- Church Militant: Bishop Kung and Catholic Resistance in Communist Shanghai by Paul P. Mariani
Mariani is an assistant professor of history at Santa Clara University, California. He is also a Roman Catholic priest of the Society of Jesus (SJ). In Church Militant, he gives a blow-by-blow account of the contest between Communism and Roman Catholicism in the metropolitan city of Shanghai, largely in the first half-decade of the newly established People’s Republic of China (PRC). Both the religion of the Roman Catholic Church and the antireligion of the Chinese Communist Party (CCP) at the time required of its members absolute adherence. That they would inevitably clash was certain. Shanghai, the enclave of Western presence and a stronghold of Catholicism (and Protestantism as well), is a good place to see where this happened in the early 1950s.
Because of his access to hitherto unavailable internal party documents, Mariani was able to fill in many of the missing pieces of the puzzle and confirm what had already been known of Communist tactics against the Shanghai Catholics. His reconstruction of events is vivid, because he actually provides the names of the different actors on both sides, along with dates and times. However, the general stories of persecution of Catholics were told decades ago in written accounts of expelled missionaries and those who wrote about them.1 Through the Party’s internal documents, Mariani shows the methodical intentionality of the [End Page 370] overzealous cadres of the Chinese Communist Party in Shanghai to destroy the Roman Catholic Church. They did it, not as direct onslaught of the church, but under the pretense of clearing the church of “imperialists who hide under the cloak of religion” as well as their Chinese “running dogs” (p. 68).
The strength of Mariani’s book is the concrete revelations from the internal documents. Its strength is also its weakness, for it locked the author into the religious struggle of both the People’s Republic of China and Rome in the early 1950s, when both were equally searching for their respective modus vivendi of how to act vis-à-vis one another. It was Pope Pius XII (1938–1958) who decided on an uncompromising stance towards Communism. With its first internuncio in China in the person of Archbishop Anthony Riberi (1947), Rome was already in a state-to-state relationship with Nanking, Chiang Kai-shek’s Republic of China. The Vatican is a political as well as religious entity, insofar as its internuncio in any country functions as an ambassador. The irony, which persists to this day, is that the Vatican as a state does not recognize the People’s Republic of China. Its diplomatic relation is with Taiwan, perceived in the United States as free China.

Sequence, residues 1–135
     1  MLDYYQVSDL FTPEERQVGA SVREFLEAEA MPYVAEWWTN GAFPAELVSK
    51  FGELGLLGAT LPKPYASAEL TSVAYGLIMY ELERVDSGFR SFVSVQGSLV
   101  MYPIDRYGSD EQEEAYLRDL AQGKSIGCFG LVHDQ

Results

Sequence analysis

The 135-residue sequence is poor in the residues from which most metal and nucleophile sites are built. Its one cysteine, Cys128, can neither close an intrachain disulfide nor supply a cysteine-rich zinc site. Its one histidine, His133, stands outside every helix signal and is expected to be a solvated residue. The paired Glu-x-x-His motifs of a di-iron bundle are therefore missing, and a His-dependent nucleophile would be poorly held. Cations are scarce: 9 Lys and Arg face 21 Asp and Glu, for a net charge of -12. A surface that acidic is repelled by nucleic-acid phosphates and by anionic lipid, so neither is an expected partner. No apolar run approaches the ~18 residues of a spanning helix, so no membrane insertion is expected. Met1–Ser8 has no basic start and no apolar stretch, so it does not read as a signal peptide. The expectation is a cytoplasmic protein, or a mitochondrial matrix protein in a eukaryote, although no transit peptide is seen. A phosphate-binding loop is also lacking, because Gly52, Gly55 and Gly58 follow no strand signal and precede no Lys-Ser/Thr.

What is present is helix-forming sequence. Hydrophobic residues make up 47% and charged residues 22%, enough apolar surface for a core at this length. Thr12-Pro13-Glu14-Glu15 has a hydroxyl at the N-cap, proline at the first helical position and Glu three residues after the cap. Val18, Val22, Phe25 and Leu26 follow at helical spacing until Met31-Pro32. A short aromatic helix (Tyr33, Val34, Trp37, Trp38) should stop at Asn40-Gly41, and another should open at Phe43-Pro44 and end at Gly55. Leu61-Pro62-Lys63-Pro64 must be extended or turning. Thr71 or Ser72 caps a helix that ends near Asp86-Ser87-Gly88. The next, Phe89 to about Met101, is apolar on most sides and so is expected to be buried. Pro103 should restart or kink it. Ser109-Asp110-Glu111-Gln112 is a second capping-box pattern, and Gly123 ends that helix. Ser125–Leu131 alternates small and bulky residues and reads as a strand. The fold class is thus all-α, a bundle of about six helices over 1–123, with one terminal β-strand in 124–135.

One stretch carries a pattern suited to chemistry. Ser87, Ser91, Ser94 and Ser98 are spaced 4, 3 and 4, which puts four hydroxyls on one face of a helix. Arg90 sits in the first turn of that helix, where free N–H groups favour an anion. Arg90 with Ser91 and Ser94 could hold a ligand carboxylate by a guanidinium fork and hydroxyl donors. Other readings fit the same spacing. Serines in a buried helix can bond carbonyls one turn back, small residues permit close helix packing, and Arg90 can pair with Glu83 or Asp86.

Mariani is cognizant of China’s wounds of imperialism. He mentions the dominating role played by Westerners in China vis-à-vis Chinese, including the Roman Catholic priests in Shanghai, where French Jesuits were prominent. He cites that, in 1900, there were twice as many Catholic foreign missionaries in China as Chinese priests. A similar situation can be said of Protestant Christianity, with their national headquarters also in Shanghai, staffed by foreigners as seniors at 169 Yuan Ming Yuan Road. It was common knowledge that Christianity, both Roman Catholic and Protestant, was perceived by the general populace as a foreign religion. Mariani, however, does not center his book on this imbalance.
The Shanghai patriotic Catholics’ use of the Protestant three-self principle, as depicted by Mariani, needs amplification. It was a concept of the missionary movement of both Britain and the United States in the mid-nineteenth century, not just for China but for the entire world. Under this principle, all missionaries were to go to foreign lands and plant a church that would eventually be self-supporting, self-governing, and self-propagating.2 Being essentially poor, as were many developing countries, China and its churches could never match the material resources coming from the...